Concluding the Journey Towards the Only Coat in the World
Welcome to part two of my Philip Sparks bespoke coat saga. The coat is complete, and it's glorious. Philip and Craig poured their hearts and souls into this garment, and the heaviness of the coat feels like loving hugs from the both of them. The previous post ended with the muslin finished, and it was time to move onto cutting the fabric and preparing the skeletal baste.
As a client, I don't get to see the sausage being made so to speak, so I asked Philip to talk to me about each stage of the bespoke process. Philip usually omits the muslin stage unless he's unfamiliar with the shape. He'll move straight into the skeletal base stage with many of his traditional projects. Since my coat was unusual, I got this extra step in the process. The coat is my third project with Philip, and I've had a muslin each time, so this was news to me.
Breaking up the pattern on the fabric was unthinkable, so we worked on the placement of pattern details. Philip and I talked about where to place certain parts. We focused on where the pattern would end on the coat and what part gives emphasis at the waist. Philip noted that this step isn't something he has to worry about with his traditional business.
The elaborate fabric resulted in intense fabric cutting strategy sessions between Philip and Craig. It wasn't as straightforward as cutting tweed or pinstripe material. It was critical to get it right the first time. Fabric cutting took longer to accomplish because each piece had to be individually cut. It was too thick to cut in layers. They also bonded interfacing to the pattern pieces that stabilized the weave of the fabric and serged all the edges to prevent unravelling.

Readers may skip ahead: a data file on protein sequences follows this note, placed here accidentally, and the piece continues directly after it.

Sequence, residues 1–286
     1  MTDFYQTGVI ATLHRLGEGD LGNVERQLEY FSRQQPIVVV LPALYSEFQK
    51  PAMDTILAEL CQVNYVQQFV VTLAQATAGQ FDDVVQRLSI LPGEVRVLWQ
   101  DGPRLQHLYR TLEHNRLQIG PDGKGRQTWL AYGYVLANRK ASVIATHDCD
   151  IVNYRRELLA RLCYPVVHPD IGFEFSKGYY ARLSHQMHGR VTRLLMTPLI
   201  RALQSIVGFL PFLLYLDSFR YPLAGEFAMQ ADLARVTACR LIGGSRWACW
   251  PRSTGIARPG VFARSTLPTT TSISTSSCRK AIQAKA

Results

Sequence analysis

Panels of canvas lined pieces of the body of the coat to add extra warmth and wind blocking properties. Finally, stabilizing tape placed strategically within the coat helped keep the structure hold up under its weight. As Philip is explaining the process, I realize this coat is extra special because of all of these additional steps.
Now, it's time to build the skeletal base for the first fitting. This garment doesn't have sleeves attached, and there is no lining. The canvas panels for warmth and wind resistance in the body aren't permanently affixed at this point either. During the fitting, Philip is looking at the proportion and balance of the coat. He'll set the correct pitch of the sleeve using pins and makes notes of adjustments needed. Pitch is the angle where the sleeve attaches to the body. After the fitting is over, the coat is taken apart to incorporate alterations. The alterations made to the physical coat are also merged back into the original pattern file. Philip uses a computer to make his pattern files these days instead of the traditional paper.
Button and lining choices came after the skeletal base stage. We had two shopping trips for lining and buttons. Philip has a button collection, but they weren't the right ones for this coat. I had similar feelings about the lining he had. We wandered the massive warehouse that is Fabric-Fabric in The Junction looking for the perfect lining.